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Rio Vs. BHP: A Very Attractive Pairs Trade Opportunity


A timely proposal for an iron ore versus oil pairs trade delivered early returns that suggest it could remain an attractive trade for some time to come.

Rio Tinto on the long side and BHP Billiton on the short side generate a trade to leverage a large discrepancy in analyst expectations and historical correlations.

The volatility in prices means the best pairs trade configuration will likely be a dynamic one that takes into account commodity markets, the Australian dollar, and stock market technicals.

Last week was a great week for a pairs trade in iron ore.

A tweet on an attractive pairs trade

The consensus expectation for oil in 2019 is $62/barrel. The consensus for iron ore in 2019 is $55/ton. The current 6-year correlation between the daily prices of iron ore and oil is 0.72. If the correlation holds for the next three years, then analysts should expect iron ore to hit $89/ton in 2019. Since Rio Tinto (NYSE:RIO) is much more dependent on iron ore than BHP Billiton (NYSE:BHP) is, and BHP still holds substantial oil assets, an iron ore rally could favor RIO over BHP. BHP should lag relative to RIO if oil comes short. A pairs trade then goes long RIO and short BHP.

Note that Bernstein makes a strong assumption that current 2019 price forecasts are already baked into RIO and BHP, at least on a relative basis. The article does not even address a number of other important assumptions required to make this pairs trade work. For example, we do not know whether the same set of analysts have made the oil and iron ore forecasts (doubtful). Whatever the overlap of analysts, we do not know whether the relationship of forecasts across the analyst communities is stable over time. In other words, the current discrepancy may be trending up or down, or could even be a temporary aberration. We do not even know how these groups of analysts respond to the volatility and trends in prices. The article did not give a downside estimate for oil if a reversion to historical correlations sends oil down rather than iron ore up for 2019. There is also the issue of time frames: the article does not explain the use of 6-year correlation and 3-year forecasts, or how to properly structure trades given the extended nature of these time frames.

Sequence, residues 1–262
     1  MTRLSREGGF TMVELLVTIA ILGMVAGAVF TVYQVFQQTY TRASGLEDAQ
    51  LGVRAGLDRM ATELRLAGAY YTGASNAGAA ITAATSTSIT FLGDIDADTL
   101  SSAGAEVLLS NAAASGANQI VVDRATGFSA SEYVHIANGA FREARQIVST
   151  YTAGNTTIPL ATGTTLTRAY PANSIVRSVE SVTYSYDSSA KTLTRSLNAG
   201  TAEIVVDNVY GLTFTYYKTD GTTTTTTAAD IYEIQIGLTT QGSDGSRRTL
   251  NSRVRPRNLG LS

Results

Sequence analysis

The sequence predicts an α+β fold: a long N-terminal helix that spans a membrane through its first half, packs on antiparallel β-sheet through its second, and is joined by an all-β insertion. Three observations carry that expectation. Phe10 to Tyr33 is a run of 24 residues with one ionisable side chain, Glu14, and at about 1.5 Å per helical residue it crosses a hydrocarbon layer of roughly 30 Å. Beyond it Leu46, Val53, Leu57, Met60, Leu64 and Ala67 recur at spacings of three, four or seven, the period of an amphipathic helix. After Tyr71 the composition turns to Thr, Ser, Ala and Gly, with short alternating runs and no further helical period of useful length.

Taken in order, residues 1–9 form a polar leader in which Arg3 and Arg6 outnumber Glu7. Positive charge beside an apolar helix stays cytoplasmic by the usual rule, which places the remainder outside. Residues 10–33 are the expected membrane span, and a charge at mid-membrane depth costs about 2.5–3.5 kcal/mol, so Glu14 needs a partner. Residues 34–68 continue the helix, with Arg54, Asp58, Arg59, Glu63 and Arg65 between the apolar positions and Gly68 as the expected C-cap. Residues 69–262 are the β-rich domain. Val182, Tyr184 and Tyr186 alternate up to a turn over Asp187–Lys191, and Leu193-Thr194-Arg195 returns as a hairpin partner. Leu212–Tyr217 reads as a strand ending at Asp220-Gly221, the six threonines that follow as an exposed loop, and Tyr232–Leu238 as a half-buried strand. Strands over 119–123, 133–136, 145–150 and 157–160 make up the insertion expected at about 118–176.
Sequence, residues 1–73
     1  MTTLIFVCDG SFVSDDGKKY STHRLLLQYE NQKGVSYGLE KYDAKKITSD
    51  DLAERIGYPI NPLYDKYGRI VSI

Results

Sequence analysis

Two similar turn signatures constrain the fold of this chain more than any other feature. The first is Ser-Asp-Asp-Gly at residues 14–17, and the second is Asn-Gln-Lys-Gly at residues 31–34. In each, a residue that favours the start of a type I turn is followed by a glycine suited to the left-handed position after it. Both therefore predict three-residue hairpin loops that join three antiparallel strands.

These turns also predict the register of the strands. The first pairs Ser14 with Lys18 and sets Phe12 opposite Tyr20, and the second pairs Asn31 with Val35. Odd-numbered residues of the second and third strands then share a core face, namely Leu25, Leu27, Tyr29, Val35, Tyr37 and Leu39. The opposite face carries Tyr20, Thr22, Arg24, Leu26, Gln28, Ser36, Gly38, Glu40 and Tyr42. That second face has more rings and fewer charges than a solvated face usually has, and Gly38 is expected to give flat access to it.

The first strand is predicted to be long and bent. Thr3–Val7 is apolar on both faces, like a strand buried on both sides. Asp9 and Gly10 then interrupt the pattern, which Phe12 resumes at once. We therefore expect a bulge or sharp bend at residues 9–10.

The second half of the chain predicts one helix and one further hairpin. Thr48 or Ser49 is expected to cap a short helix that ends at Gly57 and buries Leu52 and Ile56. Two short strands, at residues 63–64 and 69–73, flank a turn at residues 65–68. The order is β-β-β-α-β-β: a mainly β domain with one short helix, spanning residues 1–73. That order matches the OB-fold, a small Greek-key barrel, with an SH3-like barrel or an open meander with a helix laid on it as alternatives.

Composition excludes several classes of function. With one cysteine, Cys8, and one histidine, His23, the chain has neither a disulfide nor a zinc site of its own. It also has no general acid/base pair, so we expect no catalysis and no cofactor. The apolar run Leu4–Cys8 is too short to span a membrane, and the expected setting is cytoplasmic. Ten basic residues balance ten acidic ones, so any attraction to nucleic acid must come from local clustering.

Regardless, I like the trading concept, even if all the mechanical details are not readily apparent. In this case, there is seemingly no fundamental reason for analysts to expect oil to trade a lot stronger than iron ore over an extended period of time. So, this pairs trade is a potentially robust way to play iron ore from the long side with a solid hedge. As it turned out, the Barron's article appeared right before a substantial lift-off in iron ore AND oil-related plays. This lift-off provided a very early payoff to the pairs trade. BHP is up 21% since the Barron's article. RIO has soared 18%. For reference, Cliffs Natural Resources Inc. (NYSE:CLF) has increased 44% since then. Vale S.A. (NYSE:VALE) is up 30%. United States Oil (NYSEARCA:USO) jumped 8%.

Note that the numbers on RIO's chart below represent approximate spot prices for iron ore on the given day. Although iron ore has significantly rallied from the December low, RIO and BHP have benefited little on net. All the iron ore plays even continued to trade lower into January, along with the global financial markets.

Rio Tinto held onto support at its 50-day moving average (DMA) and now faces a test of resistance at its 200-DMA.

BHP Billiton Limited experienced a shorter test of its 50-DMA support than RIO. Like RIO, it now faces a critical test of 200-DMA resistance.

Vale first broke its downtrend from 200-DMA resistance in March. The current streak has confirmed that breakout, with the 50-DMA rapidly rising now. Political developments in Brazil could be key.